“Human Trafficking is the recruitment, transportation, transfer, harboring or receipt of people through force, fraud or deception, with the aim of exploiting them for profit. Men, women and children of all ages and from all backgrounds can become victims of this crime, which occurs in every region of the world. The traffickers often use violence or fraudulent employment agencies and fake promises of education and job opportunities to trick and coerce their victims.” (United Nations)
An important term to know is child sexual abuse material (CSAM), which is any image or video of sexually explicit content involving a minor (someone under 18 years of age).
From high profile cities in the United States to remote locations around the world, human trafficking is a relatively silent epidemic that impacts communities everywhere. For this reason, Operation Underground Railroad (O.U.R.) operates internationally in seven regions.
Traffickers, just like other types of predators, usually target vulnerable populations. According to the U.S. Department of Homeland Security, victims are likely to suffer from:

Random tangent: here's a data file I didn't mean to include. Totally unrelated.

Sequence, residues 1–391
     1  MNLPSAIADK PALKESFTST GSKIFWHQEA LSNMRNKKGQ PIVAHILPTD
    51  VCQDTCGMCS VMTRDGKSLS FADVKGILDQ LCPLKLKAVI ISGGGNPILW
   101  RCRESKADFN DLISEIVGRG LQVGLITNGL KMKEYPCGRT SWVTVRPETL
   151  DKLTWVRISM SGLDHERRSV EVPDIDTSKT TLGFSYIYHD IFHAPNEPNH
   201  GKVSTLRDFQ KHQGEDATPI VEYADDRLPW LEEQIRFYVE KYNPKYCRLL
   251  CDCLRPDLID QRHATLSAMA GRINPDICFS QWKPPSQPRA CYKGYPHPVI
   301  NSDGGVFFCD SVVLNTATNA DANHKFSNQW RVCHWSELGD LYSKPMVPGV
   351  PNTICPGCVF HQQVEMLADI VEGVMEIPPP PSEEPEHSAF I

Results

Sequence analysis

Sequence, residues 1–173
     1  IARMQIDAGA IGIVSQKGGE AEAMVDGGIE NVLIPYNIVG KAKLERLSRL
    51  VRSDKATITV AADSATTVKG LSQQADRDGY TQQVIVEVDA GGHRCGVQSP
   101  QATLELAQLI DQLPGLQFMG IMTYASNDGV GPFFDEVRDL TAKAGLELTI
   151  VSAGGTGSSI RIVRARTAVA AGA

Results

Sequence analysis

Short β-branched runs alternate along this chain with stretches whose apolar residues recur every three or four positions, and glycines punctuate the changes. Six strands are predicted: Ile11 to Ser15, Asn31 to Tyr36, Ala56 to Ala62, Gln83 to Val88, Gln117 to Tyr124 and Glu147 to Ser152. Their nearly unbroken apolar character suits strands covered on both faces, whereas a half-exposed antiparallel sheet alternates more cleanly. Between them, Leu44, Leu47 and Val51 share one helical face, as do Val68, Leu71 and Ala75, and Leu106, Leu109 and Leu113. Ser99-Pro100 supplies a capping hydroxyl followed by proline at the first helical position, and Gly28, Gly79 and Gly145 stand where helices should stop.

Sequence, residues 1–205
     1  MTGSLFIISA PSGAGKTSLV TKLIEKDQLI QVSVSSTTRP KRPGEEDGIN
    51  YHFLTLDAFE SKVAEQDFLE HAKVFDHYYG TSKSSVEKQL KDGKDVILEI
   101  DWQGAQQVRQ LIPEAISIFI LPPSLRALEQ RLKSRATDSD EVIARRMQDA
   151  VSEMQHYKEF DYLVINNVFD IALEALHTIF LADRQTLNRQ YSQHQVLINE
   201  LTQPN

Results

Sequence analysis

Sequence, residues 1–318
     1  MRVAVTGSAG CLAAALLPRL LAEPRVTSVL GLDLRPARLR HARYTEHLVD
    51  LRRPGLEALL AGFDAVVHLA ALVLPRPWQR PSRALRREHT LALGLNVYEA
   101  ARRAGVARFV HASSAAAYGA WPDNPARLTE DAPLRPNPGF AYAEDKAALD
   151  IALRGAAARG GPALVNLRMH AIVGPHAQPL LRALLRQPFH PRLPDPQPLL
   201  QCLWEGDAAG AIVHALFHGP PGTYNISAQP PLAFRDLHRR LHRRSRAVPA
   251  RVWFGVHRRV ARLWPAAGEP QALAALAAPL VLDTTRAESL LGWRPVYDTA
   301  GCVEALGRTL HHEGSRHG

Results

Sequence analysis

Psychological or emotional vulnerability
Lack of a social safety net
Forced Labor – victims are forced to work against their will
Sex – individuals are required to engage in sexual acts
Forced Marriage – victims are forced to marry another person without giving consent
Domestic Servitude – forced labor that occurs in a private household
Child Soldiers – minors are used as fighters in acts of war
Human trafficking statistics reveal a very sad reality for many individuals. Behind every stat is a person – someone’s mother, father, brother or sister. These stats provide insight into the severity of the issue.
Sex trafficking is the most common type of trafficking in the U.S. (Polaris)
There were 88 million child sexual abuse material (CSAM) files reported to the National Center for Missing and Exploited Children (NCMEC) tip line in 2022.
Child sex trafficking has been reported in all 50 U.S. states. (NCMEC)
Human trafficking is a $150 billion industry. (UNICEF)
Human trafficking is the second most profitable illegal industry in the U.S. (UNICEF)